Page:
CST: I also wanted to ask about "Shades of Gray," a song about some kids that get stopped after the Oklahoma City bombing. It sounds like one of those stories you could have picked up from reading something in the paper. Or is it completely fabricated?
REK: That comes from three different things that are going on ... I work from images, really in most of my songs; something that pops in my head, and try to describe it, put it in some rhyming format. I had this image of three guys in this pick up for about 15 years, and I wrote all kind of stupid, corny songs around it, and they never worked and I trashed 'em all, I never sang them in public ever. But I couldn't get rid of it. Also I'm stubborn about this kind of thing, once I get this image. I can't tell you exactly why I want to write about it, it just seems like I want to, and sometimes it doesn't work.... Anyway this one kept coming up, so I started working on the song. I had been in Oklahoma City. I actually played the day after the bombing, and it was a real eye-opening experience as far as the devastation and what it does to the town and its personality and the undercurrent of sadness and confusion. It had a big effect on me. I started writing about these three guys. I put it together with this historical event which is something else I always wanted to do, and then it occurred to me that around this time when they were scurrying about to find whoever did this, they must have stopped a jillion people, there must have been a jillion misadventures interrupted or created because of that one event. That's how I hooked them up. It's not oblique really, but it interests me as a story. That's how I pulled it off.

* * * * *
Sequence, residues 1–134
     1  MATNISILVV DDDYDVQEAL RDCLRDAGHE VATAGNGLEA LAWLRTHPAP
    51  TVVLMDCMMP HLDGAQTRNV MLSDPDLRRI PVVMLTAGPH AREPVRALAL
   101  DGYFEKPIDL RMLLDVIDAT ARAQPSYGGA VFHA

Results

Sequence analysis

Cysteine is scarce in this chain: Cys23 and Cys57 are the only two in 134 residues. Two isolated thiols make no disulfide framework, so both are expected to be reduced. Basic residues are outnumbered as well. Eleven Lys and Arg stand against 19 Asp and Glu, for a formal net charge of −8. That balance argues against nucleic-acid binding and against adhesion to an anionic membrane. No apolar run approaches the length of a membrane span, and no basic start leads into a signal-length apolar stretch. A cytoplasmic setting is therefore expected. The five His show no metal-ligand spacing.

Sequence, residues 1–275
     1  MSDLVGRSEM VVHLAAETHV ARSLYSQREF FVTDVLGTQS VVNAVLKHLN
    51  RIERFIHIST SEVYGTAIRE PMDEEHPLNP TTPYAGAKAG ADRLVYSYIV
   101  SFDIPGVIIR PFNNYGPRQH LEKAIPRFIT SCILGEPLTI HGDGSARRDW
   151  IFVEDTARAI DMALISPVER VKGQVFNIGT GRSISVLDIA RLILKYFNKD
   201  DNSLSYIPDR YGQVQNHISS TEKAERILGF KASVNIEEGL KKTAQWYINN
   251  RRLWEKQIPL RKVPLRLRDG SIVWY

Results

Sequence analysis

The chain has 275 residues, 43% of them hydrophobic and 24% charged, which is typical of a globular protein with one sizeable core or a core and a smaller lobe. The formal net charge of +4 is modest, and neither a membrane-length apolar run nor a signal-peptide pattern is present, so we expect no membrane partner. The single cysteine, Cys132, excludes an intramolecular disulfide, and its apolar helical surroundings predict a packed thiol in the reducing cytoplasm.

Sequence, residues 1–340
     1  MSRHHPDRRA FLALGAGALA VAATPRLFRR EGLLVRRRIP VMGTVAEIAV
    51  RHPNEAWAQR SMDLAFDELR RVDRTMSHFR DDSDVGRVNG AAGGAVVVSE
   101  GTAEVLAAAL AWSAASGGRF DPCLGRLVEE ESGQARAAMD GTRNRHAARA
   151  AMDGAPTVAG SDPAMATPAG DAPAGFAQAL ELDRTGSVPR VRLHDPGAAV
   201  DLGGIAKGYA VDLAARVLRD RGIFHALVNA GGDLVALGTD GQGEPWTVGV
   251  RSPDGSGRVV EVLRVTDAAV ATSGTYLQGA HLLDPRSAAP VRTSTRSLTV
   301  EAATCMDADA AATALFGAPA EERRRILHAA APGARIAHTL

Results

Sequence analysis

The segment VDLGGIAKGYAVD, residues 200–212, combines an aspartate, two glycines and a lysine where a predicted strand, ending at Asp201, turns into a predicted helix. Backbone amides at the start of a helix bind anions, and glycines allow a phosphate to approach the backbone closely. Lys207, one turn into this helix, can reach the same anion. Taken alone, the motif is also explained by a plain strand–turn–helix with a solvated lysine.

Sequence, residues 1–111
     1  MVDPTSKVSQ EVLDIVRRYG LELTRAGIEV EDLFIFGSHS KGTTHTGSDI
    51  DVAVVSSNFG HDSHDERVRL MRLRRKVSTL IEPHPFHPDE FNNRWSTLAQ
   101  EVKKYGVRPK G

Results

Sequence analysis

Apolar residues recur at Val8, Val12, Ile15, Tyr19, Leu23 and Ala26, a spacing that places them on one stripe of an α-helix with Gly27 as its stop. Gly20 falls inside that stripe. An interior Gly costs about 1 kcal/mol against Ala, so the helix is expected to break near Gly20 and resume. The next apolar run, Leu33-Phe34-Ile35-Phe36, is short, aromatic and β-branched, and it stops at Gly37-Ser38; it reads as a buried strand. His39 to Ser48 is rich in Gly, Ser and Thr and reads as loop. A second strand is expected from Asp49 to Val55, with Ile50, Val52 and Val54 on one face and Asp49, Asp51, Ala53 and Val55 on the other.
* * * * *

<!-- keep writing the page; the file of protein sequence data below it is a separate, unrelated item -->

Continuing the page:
CST: That song documents a crucial time in modern American history from this peripheral angle of these kids who get stopped by the police...
REK: Yeah, and it's something that could happen to you.
Keen goes major label route
After half a dozen albums on the well-respected, but small Sugar Hill label, Robert Earl Keen decided it was time for a change.
He signed in early 1996 with Arista Austin, a country-oriented Texas songwriter with a major Nashville label. "I just needed to move," Keen says following a Cambridge, Mass. concert. "I needed to change. I was restless."
He says he liked his time at Sugar Hill, but "if I were to make a move, that was the time to make it. I had just felt I'd been in a rut." Keen also felt he went as far as he could go with Sugar Hill.
Keen says he previously had chances to sign with major labels, but didn't think the situation was right. "Arista came to me and said they were really liked what we were doing. It was just the right time."
He said a key part was Arista did not want him to change, a pitfall sometimes resulting when an artist signs with a label. Keen said Arista heads told him, 'We just want you to do what you feel you are doing.
Keen said he maintained his independence in the studio. "I have not encountered any of that sort of thing. I keep thinking when is the honeymoon going to end." "Picnic," nevertheless, differs sonically from previous efforts in having a harder edge to it. Apparently it was his choice.
Arista is marketing the album in the rock market, not country. "That was their decision," Keen says. "I figured I'd go with it. I definitely don't consider it a country record. I consider it a folk rock record.